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Lightweight aluminum v. a hand grenade, who wins?

Concrete and steel are the materials of choice when building buildings and vehicles that will protect soldiers from enemy fire. But a group of Norwegian researchers are testing another option: lightweight aluminum panels that can be filled with densely packed dirt, gravel, sand or any other nearby substance to provide protection without adding a lot of weight to a military's vehicles or structures, according to a recent report in the Norwegian research magazine Gemini. The aluminum panels are designed to fit together and any substance used to fill the cavity could be emptied out of the bottom of the panel before it is moved.

The Norwegian University of Science and Technology's SIMLab (Structural Impact Laboratory) also searching for a substance that can absorb the pressure exerted on the underside of a tank by a landmine explosion without adding a lot of weight to the vehicle. One proposed option is developing plates made from aluminum foam, which could absorb the impact of a bullet or piece of shrapnel and keep it from shredding the soldier on the other side of the armor. Such foam, basically a porous version of aluminum, is being developed by a number of companies, including Alcoa, Inc. in Alcoa Center, Pa., and Toronto's Cymat Technologies Ltd. and would be nonflammable and recyclable.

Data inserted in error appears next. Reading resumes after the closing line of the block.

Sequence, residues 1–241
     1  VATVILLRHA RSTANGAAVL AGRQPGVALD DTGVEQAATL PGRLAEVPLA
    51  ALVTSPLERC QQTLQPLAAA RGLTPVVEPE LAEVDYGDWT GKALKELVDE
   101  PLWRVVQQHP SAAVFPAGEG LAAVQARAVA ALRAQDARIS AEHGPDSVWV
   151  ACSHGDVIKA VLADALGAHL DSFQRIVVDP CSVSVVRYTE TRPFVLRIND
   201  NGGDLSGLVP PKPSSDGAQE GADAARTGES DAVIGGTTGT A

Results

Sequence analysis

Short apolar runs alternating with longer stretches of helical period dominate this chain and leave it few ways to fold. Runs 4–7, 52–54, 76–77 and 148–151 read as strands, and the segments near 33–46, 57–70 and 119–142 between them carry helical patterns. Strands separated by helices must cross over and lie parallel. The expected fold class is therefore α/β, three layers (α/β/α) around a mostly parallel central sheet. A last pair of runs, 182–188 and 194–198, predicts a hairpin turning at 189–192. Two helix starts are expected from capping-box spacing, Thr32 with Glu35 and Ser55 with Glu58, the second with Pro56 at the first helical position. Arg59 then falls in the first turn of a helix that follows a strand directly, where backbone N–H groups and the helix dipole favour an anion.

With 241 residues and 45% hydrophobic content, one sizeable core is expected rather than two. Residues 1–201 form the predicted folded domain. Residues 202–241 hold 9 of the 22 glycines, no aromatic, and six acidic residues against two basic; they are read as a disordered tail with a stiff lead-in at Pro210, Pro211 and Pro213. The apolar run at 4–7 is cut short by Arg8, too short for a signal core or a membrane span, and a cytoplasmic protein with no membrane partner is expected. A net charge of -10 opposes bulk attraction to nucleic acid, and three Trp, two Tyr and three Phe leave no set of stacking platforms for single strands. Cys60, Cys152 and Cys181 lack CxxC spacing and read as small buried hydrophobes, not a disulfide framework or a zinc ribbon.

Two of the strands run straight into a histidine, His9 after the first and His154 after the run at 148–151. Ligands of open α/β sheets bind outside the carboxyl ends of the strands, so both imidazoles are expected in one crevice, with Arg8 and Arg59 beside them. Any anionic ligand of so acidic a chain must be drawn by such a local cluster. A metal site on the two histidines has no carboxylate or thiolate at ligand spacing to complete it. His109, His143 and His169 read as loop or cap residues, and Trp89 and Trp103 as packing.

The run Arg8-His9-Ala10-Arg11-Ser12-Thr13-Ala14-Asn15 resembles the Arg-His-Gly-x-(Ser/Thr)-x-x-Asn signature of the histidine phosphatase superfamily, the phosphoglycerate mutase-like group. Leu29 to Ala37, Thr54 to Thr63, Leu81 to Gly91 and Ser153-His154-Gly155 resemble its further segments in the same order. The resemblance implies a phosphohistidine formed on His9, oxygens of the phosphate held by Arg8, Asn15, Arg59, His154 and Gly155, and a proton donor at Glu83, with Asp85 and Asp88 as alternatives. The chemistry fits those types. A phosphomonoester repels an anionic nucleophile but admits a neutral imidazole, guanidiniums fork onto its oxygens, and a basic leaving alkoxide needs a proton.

SIMLab researchers, working with the Norwegian Defence Estates Agency (NDEA), a branch of the Norwegian Defense Ministry responsible for the Norwegian camps and compounds involved in international operations, say they have tested the aluminum panels in a full-scale explosion that was equivalent to four tons of TNT detonated from 394 feet (120 meters) away. The target of that explosion, a container protected by aluminum panels received just minor damage, Gemini reports.

Photo courtesy of SIMLab

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